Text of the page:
Why being conscious of your bias is the first step

March 16, 2018

When I was 19, I was rollerblading in a near-empty car park, practising doing circles and going backwards. That was a big manoeuvre for me back then! I was really starting to get the hang of it when a loud voice broke my concentration.

“You there!”

It was a woman’s voice coming from the tennis court next to the car park. At first I wasn’t sure that she was addressing me, so I carried on skating and ignored her. In the corner of my eye, I could see the woman signalling to her tennis partner to halt the game. She was now walking across the tennis court towards me. Her voice became more and more irritable.

“Yes, you! You there!” She banged her tennis racket against the mesh fence of the tennis court that stood between us. “What do you think you’re doing?”

At 19, I’d already been subjected to enough ignorant profiling to know what she was getting at. A black kid, especially a young black man, could only have been up to no good, despite every indication to the contrary. I stopped skating and looked up at her. Despite my anger, I somehow managed to stay calm and to keep my voice even. These are the words that came out of my mouth:

“I was actually trying to steal your car.” I said, nonchalantly gesturing around the car park. “Which one is it?”

The woman was dumbstruck; rooted to the spot like I’d just served an ace down the middle. Take that! I thought. I had said to her face what she was thinking all along. I turned away and carried on skating in the same spot. Now I’d love to tell you that I did a little mic drop and that was the end of it, but that’s not how this story goes. Five minutes later, I was pushed up against the door of a police car with my hands held behind my back by an officer. My guess was that they’d called the police before the woman had even started talking to me.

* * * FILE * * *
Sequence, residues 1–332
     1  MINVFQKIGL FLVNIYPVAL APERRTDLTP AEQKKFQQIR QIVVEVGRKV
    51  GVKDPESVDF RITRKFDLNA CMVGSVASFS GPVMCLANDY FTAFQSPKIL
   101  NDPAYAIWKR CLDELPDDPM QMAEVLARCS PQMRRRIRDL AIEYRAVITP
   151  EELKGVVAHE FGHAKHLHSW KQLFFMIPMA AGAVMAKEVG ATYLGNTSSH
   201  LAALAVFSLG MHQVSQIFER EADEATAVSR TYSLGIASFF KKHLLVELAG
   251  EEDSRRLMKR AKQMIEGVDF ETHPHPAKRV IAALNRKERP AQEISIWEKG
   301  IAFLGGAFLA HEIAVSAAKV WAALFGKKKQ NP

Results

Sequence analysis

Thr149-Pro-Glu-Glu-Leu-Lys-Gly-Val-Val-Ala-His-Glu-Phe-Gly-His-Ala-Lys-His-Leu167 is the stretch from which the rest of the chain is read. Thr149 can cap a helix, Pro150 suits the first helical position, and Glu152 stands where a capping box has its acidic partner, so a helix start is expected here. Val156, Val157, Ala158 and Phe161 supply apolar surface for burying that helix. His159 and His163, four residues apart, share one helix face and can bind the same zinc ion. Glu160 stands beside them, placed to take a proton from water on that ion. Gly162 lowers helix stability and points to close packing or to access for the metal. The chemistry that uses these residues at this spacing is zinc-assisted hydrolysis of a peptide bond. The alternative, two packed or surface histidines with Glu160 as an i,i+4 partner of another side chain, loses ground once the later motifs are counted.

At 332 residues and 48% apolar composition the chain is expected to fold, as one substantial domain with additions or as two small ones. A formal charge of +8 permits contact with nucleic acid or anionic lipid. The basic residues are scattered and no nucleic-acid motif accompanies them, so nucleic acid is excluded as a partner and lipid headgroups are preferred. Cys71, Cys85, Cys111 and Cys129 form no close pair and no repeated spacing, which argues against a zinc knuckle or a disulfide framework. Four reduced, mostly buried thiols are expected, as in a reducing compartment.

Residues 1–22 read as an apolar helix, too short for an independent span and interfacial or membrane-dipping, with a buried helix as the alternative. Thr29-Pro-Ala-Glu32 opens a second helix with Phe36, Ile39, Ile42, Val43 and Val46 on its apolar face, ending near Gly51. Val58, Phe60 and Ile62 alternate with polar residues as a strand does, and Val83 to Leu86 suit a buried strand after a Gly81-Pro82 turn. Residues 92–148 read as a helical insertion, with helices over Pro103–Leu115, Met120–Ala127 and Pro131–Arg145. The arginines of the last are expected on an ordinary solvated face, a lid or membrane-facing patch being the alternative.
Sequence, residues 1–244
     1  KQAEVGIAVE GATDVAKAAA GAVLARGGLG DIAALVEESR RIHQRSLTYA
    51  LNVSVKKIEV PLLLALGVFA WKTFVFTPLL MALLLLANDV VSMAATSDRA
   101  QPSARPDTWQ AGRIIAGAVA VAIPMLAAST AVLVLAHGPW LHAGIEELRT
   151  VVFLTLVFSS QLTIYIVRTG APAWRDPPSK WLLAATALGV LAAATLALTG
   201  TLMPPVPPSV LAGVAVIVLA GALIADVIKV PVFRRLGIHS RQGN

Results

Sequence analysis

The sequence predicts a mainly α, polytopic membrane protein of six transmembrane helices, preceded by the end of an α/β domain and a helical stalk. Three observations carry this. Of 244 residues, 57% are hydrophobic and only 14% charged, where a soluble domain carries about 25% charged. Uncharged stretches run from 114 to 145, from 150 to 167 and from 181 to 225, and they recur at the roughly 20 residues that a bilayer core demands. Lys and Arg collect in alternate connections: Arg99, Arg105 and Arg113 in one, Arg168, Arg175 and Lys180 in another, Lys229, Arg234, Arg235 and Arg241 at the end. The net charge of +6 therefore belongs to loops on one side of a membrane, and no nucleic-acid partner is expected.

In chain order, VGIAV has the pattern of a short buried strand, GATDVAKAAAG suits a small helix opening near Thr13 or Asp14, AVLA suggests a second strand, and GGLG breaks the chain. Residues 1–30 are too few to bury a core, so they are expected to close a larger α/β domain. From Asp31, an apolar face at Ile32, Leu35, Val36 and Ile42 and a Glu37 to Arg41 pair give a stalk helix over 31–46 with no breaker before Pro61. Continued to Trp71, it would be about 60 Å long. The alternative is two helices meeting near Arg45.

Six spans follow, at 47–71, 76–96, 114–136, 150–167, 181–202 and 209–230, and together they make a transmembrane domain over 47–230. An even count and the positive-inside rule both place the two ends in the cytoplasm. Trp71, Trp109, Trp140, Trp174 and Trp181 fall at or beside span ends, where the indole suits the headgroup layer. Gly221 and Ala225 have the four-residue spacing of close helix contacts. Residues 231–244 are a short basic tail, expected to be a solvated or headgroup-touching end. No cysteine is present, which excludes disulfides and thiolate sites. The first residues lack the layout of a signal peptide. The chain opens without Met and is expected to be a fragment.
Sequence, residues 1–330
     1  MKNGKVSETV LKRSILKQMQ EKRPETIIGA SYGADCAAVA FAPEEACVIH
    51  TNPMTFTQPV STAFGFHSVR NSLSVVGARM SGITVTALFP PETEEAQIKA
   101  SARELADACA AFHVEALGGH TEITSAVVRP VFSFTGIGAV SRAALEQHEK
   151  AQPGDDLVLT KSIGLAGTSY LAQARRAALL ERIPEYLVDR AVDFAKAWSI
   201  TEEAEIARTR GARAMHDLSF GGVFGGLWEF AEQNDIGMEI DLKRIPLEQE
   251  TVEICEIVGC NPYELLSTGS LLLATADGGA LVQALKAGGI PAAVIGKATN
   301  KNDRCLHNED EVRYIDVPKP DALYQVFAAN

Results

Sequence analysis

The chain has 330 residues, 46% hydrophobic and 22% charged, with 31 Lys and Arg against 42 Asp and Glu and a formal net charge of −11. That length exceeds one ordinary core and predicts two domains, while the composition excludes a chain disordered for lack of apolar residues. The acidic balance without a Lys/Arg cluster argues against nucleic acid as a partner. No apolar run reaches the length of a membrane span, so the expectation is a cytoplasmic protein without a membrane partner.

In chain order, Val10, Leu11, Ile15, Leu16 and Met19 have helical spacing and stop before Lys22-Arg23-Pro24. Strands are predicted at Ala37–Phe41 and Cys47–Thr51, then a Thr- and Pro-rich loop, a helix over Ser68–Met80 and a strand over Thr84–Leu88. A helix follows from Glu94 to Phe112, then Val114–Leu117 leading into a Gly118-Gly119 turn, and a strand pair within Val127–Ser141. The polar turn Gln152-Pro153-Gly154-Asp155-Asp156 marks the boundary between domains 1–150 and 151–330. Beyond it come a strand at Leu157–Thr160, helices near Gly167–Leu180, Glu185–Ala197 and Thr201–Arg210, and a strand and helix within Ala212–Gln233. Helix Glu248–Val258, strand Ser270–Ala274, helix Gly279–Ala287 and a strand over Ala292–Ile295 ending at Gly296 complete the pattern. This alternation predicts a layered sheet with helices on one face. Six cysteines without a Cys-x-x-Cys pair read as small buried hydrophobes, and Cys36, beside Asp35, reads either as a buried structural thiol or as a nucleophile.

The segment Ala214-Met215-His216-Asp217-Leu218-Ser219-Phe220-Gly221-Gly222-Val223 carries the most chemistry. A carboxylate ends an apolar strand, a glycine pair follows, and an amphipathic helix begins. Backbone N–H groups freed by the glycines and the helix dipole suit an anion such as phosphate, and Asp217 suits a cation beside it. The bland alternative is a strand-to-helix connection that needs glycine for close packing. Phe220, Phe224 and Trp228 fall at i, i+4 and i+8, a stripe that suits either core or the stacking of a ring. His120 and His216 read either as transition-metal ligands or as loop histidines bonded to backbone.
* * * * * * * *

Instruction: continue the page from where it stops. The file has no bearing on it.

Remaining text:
I was angry because this woman simply didn’t see me for who I actually was. I was a studious, hard-working kid, who had never stolen anything. She didn’t ‘see’ me. She didn’t even bother to look. And so she saw something else entirely, a work of fiction based on her own prejudice.

I’m telling you this story because of a promise I made to myself. I told myself that I would never be that person at the tennis court. I would never jump to conclusions about people. But twenty years later, I have broken that oath to my 19 year-old self. Many times over. The truth is, I carry bias in almost everything that I do. We all do. But the more I work on managing my biases, the better I get. Why am I telling you this? I hope that by admitting to my preconceived ideas, I can help others to be open to theirs and to learning more about how we can be more inclusive of others in the workplace.

Here are some things that I try to remind myself on a daily basis:

When you bring yourself to work, you bring the bias with you

I’ve previously written about the importance of being yourself at work. I strongly believe that to be true and non-negotiable. But let’s not get it twisted – while bringing my true self to work is incredibly important for my personal well-being, it can come at a price for those who work with me. I have bias. Both conscious and unconscious. Whether it’s during that interview where I decided early on that I wasn’t really feeling the candidate. Or how I assume that the middle class, death metal-loving white guy has nothing in common with me.

The bigger you are, the bigger the impact